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Mince or crush a few cloves of garlic.

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And dice up the tomato. A slightly overripe heirloom for your consideration. Thankfully I had a knife as sharp as a thousand curses or it would have gotten really messy.

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Pretty good for what I was working with I think. I’m sure some naysayers will disagree.

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Quite a bit more than a cup.

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Let’s get cooking. A pat of butter and a glug of olive oil over medium heat.

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A bit more than a third of the gnocchi.

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And four cloves of garlic, minced.

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I sautéed until it was lightly browned.

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Then added the stripped thyme leaves…

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And half a cup of the tomatoes. Stirred it until it was a bit more than warmed through, sprinkled with a bit more salt and ground pepper.

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And it was pretty tasty, but I felt I hadn’t made quite as much use of the gnocchi as I could have. Thankfully, there was more to use!

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I wanted to do something that would be much more of an accent and let the gnocchi stand on its own.

For something quick and simple, some diced onions were sweated in a good amount of olive oil and some kosher salt over considerably hotter heat. Once they cooked down, I added a the rest of the diced tomato, a healthy pour of red wine, and cooked it until most of the red wine is gone

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Pour into a bowl, trying to get the pan significantly empty, but not worries if there’s some bits here and there.

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I then placed the pan back on and brought it to a high temperature.  Once it was uncomfortable to hold my hand over it from about 8 inches I added a splash of olive oil. One sizzling piece of gnocchi told me it was good to go, so I threw in another third of the stuff.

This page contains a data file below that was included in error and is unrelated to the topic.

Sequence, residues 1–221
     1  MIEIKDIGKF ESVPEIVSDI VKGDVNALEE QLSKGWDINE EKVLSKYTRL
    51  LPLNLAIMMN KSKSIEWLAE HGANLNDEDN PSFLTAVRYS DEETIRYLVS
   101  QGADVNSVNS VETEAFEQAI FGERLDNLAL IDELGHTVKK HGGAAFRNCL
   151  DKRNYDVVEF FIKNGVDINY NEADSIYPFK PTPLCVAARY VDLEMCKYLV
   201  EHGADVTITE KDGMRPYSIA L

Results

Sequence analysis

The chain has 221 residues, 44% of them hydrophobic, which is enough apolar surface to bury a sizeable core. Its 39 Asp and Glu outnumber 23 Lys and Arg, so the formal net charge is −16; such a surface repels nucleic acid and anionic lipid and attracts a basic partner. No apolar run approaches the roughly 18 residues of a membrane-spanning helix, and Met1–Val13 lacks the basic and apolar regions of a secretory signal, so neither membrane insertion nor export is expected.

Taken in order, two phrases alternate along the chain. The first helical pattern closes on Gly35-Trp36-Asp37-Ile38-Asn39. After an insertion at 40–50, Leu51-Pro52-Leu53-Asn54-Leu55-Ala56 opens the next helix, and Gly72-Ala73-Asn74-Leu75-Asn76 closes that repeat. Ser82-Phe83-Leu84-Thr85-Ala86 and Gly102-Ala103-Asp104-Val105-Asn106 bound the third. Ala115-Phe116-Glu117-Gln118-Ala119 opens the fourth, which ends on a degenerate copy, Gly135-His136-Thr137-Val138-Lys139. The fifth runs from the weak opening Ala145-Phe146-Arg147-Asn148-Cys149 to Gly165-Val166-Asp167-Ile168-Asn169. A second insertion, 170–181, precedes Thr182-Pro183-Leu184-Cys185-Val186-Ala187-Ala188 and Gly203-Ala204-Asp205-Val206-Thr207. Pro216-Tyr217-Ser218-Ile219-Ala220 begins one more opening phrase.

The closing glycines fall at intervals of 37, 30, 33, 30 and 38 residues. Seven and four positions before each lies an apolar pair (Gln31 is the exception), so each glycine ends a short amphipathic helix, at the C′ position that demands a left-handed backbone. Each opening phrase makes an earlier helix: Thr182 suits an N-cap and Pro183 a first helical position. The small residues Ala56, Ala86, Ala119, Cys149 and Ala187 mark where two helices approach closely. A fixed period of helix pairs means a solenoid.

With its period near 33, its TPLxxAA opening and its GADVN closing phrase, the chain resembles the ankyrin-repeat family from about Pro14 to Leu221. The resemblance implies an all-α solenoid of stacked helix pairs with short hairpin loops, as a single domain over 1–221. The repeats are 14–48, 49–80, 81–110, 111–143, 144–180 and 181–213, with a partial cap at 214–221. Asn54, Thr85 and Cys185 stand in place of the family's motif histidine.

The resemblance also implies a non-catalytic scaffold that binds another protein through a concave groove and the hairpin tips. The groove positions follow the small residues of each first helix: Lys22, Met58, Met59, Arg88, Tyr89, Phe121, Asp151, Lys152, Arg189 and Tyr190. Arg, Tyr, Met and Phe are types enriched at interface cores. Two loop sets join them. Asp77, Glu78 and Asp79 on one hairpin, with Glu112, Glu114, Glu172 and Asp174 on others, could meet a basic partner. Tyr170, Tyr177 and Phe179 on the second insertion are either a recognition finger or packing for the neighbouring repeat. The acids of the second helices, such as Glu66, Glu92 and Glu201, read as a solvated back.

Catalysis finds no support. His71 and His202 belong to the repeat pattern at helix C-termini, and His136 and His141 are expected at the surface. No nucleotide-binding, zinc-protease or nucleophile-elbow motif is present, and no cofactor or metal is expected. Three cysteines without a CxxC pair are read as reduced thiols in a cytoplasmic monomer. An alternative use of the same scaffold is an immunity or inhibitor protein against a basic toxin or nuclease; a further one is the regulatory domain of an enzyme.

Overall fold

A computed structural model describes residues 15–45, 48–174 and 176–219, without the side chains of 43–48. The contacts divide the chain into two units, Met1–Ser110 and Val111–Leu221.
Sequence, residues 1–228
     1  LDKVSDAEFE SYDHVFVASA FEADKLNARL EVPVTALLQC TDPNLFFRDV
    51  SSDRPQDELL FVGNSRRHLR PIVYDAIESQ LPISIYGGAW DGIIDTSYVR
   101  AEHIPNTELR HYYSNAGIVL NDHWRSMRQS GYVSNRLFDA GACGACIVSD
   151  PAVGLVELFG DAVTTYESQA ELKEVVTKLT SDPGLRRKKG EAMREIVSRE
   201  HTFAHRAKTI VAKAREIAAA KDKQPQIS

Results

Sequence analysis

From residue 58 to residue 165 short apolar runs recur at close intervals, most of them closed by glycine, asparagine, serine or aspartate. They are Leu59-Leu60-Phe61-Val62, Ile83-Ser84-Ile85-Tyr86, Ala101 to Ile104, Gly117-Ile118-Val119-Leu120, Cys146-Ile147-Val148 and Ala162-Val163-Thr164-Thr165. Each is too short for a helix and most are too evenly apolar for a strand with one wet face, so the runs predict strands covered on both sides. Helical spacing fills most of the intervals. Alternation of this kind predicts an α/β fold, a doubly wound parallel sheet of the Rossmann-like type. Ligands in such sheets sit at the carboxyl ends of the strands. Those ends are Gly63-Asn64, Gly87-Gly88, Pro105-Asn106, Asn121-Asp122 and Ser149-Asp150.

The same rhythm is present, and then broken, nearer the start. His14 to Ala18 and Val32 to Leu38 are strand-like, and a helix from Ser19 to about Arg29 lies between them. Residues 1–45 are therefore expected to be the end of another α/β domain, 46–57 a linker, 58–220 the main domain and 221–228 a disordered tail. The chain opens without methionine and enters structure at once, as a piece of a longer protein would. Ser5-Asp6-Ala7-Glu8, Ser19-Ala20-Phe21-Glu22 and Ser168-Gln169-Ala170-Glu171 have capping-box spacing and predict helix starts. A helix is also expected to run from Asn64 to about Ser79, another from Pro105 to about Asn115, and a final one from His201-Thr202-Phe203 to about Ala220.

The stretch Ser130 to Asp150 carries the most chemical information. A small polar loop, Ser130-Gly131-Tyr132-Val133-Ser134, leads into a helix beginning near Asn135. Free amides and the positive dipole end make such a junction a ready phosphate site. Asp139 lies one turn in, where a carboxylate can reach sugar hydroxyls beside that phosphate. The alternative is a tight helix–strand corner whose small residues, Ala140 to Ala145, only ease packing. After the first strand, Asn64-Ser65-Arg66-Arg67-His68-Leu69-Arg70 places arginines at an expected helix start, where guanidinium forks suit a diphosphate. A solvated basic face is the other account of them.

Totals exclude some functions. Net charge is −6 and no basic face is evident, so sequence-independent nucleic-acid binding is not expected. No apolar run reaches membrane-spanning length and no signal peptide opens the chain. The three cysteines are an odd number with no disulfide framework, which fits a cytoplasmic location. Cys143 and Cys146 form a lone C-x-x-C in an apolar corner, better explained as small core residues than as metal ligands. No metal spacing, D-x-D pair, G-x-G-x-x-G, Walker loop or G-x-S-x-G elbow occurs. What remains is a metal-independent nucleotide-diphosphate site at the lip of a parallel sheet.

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I browned it considerably more than the first time, to give it more of a bite and more of a nutty flavor.

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Then I spooned in just enough of the onion tomato wine mixture to coat the gnocchi.

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This, this is more like it.

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Parisienne Gnocchi, Adapted from Ratio.

  • 6 oz. water.
  • 1 tsp. salt
  • 1 stick butter (4 oz.)
  • 4 oz. flour
  • 4 eggs (conveniently about 8 oz.)
  • 1/4 cup of Parmigiano-Reggiano
  1. In a small saucepan, bring water, salt and butter to a simmer.
  2. Gradually add flour, stirring until it all comes together into a thick batter.
  3. Remove from heat and let cool for 3-4 minutes.
  4. Add eggs one at a time, stirring until completely incorporated before adding the next one. (can be chilled after this step before further usage)
  5. Set up a saucepan with water, a sheet with a clean towel for draining. Bring water to a simmer.
  6. Fill a pastry bag with a half inch tip or thick sealable plastic bag with the batter, cutting a hole in the corner.
  7. Pipe and cut a number of bite sized pieces of batter into the simmering water.
  8. Continue to cook pieces for a minute or two after they float to the top, then drain on the sheet.
  9. Use immediately, chill, or freeze.
  10. To serve, sauté in oil and/or butter, such as as a tomato sauce, squash, clams, mushrooms, or the onion sauce below, seasoning to taste.

Quick Onion “Sauce”

  • 1 tablespoon of olive oil
  • half a large onion, diced
  • one small tomato, diced
  • salt and pepper to taste
  1. Place a large frying pan over medium heat, and add olive oil.
  2. Sweat onions until translucent.
  3. Add the tomato and a healthy pour of red wine. Cook down until the mixture is just slightly wet looking.
  4. Season with salt and pepper to taste and set aside until ready to serve.

2 thoughts on “A Taste of Summer–Parisienne Gnocchi

    • Thanks Karielle! I’m so glad you enjoyed it.

      Checking out your blog too, looks intriguing thus far. I’ll start combing through it more later.